An Impossible Return offers an opportunity to investigate meanings imbued in several areas in Cape Town that was subject to forced removals during apartheid. Specifically, the project – outputs include a documentary and an exhibition – will examine three crucial moments: the forging of lives of humanness, the receipt of the eviction notice, and the eviction itself. These moments are important in the larger understandings of injury and memory, and this visual and oral archive allows for new understandings of justice and freedom after oppression.
Taking a series of photographs by artist David Brown as a starting point, the project will open a set of questions around trauma, memory and freedom in the aftermath of oppression. Intimate documents of family life, the photographs speak of the destruction of community and of the multiple valencies of place and home. It is here that the project will draw attention to the lived experiences of ‘black’ families, and the self- and re-representation of ‘black’ bodies as human.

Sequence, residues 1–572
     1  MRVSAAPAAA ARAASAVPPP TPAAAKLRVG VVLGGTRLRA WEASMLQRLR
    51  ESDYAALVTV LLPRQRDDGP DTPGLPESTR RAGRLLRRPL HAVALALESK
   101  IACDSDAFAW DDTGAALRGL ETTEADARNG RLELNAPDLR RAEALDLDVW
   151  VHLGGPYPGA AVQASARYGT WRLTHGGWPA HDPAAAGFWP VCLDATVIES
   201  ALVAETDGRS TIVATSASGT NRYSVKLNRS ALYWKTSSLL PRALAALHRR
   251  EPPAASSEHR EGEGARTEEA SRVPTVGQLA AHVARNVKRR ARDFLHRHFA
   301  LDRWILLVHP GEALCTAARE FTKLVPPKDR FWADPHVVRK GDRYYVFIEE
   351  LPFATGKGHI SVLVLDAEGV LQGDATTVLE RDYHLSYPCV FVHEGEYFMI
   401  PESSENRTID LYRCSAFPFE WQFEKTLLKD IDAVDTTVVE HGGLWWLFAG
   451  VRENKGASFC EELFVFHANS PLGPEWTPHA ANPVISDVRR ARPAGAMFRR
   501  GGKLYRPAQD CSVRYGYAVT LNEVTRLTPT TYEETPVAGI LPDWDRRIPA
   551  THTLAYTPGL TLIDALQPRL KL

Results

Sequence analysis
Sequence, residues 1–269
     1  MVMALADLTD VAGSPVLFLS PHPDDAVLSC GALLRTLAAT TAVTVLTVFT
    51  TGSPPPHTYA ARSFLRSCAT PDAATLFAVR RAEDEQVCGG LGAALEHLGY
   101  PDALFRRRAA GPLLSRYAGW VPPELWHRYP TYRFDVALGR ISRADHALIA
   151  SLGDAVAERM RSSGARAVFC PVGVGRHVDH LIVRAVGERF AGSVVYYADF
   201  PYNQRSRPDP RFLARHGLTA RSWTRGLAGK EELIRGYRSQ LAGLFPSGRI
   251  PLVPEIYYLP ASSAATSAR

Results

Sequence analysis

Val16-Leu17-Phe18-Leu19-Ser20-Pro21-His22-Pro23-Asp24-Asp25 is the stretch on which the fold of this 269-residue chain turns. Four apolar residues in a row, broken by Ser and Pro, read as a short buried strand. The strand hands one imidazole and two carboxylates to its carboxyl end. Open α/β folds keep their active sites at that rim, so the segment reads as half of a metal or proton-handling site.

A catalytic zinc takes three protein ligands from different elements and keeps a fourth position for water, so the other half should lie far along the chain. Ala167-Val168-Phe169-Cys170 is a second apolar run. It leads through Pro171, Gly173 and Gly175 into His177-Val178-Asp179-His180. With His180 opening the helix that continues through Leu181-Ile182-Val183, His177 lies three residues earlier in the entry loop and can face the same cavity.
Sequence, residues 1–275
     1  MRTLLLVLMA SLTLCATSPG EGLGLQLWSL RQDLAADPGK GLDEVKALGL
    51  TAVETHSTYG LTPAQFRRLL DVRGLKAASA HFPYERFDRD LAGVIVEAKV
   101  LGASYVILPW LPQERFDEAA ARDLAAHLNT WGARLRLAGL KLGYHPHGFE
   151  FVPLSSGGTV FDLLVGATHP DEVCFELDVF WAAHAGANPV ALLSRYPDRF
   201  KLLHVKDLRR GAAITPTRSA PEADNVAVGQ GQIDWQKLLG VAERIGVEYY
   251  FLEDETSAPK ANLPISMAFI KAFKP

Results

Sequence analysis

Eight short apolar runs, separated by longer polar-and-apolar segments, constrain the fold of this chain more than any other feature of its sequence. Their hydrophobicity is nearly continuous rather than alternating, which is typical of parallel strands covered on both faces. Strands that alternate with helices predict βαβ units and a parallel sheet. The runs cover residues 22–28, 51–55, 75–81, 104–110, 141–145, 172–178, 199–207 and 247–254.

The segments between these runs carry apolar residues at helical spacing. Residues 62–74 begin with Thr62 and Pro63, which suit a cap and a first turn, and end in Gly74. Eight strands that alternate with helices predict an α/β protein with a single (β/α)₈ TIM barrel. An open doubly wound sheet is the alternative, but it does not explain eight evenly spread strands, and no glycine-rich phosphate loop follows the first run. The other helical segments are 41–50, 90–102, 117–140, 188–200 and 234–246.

This project speaks of catastrophe and of the unfinished business of apartheid. Approaching the notion of archive as being open-ended and not bound in time and space, the project will suggest a set of debates that lie at the centre of post-apartheid society, even as they are generally disavowed.